We have talked a lot about how to track a mobile devices’s location already, but what you may not know, when your browse the internet, the websites you viewed could track your location as well.
People who use Google Maps for mobile know it can determine your approximate location, based on which it will calculate the route to your destination. As a matter of fact, Google brought it to PC a few years ago. If you visit their online mapping service, a blue button shows in the top left corner of the map. If you click on it, it will show a blue circle on your location on the map.
When I click on My Location button, Firefox alerts “maps.google.com wants to know your location”, while you have four options, Show location, Always show, Never show, Not show. If you select Show location, it will bring you to your location on the map.
By visiting the Firefox’s help about Geo-location, I come to know how it works:
Type about:config in your browser window and you know that they pass the information (MAC address, signal strength etc) to Google location server http://www.google.com/loc/json, which will return your location.
If you connect your laptop to the Internet using DSL, it may only show your city because it uses your IP to query your location. But if you are connected to a Wi-Fi hotspot, the accuracy could come to a few meters. In my case, unfortunately it placed my circle on another street which is a few miles away. I use ADSL, you may guess correct.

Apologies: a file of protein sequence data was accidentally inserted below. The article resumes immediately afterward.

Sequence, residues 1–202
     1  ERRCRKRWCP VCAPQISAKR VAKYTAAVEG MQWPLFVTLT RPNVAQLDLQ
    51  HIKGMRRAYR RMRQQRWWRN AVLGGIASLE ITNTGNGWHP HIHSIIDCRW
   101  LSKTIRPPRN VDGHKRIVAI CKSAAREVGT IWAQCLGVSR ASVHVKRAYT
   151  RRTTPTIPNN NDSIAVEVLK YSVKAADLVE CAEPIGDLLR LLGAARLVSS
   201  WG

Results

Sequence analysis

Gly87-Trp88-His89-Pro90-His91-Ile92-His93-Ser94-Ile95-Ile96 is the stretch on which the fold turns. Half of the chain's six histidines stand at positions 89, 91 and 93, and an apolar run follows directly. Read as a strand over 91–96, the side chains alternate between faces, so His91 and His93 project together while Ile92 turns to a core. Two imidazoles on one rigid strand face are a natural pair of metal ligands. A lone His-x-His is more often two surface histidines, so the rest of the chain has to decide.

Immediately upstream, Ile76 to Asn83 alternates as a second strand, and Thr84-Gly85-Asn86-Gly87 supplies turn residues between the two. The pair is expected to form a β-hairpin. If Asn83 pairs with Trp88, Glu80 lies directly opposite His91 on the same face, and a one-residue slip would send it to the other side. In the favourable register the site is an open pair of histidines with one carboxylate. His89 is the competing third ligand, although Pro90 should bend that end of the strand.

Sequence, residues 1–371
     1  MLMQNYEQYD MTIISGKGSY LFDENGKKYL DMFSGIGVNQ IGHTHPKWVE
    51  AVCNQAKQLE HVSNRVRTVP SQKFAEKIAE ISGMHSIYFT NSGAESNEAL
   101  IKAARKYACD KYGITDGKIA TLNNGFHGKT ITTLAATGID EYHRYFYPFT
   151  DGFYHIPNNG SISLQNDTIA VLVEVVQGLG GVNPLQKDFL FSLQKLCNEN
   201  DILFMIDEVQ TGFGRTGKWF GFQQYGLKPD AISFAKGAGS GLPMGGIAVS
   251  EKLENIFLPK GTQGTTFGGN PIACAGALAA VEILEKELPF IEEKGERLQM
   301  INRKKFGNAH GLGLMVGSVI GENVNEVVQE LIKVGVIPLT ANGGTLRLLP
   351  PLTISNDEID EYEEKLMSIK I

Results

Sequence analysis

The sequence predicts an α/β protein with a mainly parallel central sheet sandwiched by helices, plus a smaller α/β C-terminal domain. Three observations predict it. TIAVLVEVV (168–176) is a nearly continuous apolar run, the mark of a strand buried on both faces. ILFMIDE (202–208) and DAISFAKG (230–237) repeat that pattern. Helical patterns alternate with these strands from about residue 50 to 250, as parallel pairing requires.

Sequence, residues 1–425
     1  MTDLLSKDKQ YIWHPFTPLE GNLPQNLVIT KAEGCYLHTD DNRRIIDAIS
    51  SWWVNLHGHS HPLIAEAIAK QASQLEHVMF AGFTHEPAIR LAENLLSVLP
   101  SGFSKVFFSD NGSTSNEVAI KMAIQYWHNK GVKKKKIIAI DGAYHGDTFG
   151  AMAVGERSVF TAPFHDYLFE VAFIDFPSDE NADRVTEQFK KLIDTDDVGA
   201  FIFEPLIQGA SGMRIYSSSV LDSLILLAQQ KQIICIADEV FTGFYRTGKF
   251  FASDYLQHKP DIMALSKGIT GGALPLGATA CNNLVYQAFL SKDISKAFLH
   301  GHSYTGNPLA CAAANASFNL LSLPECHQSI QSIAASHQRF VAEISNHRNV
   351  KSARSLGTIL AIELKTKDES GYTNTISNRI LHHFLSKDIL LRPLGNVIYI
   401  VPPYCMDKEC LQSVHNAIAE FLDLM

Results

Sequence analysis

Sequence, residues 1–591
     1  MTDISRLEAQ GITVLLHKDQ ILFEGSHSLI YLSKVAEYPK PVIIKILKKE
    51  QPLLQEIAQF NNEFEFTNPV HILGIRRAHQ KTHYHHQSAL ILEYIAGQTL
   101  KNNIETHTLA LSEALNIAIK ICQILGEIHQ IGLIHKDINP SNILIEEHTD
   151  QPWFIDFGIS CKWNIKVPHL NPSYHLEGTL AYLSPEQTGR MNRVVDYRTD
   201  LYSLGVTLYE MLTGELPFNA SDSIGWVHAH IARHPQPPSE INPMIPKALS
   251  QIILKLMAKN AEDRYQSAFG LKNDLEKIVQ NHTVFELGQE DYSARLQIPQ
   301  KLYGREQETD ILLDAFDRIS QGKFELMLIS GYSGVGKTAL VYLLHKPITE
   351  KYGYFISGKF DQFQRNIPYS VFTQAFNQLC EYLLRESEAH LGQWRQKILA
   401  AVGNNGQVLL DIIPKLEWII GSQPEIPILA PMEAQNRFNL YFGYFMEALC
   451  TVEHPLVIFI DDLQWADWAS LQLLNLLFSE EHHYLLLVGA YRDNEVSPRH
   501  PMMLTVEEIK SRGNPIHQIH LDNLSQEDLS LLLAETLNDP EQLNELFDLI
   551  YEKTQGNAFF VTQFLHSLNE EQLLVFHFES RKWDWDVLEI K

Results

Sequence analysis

I did not try IE, Google Chrome, if you are interested, it may be worthwhile to give them a shot.
When you trace your friends or family member, you need to install mobile tracing apps onto their phones, unless you are the police and could gain access to mobile operators network and location database. So it’s unlikely you will be tracked by your handset. But if you can be easily tracked when you use a PC to visit various website, then can obtain your location information easily (Yes I know where you are and you are under arrest :-)).
Fortunately, we still have privacy. You can keep them away from your personal information before they even try it.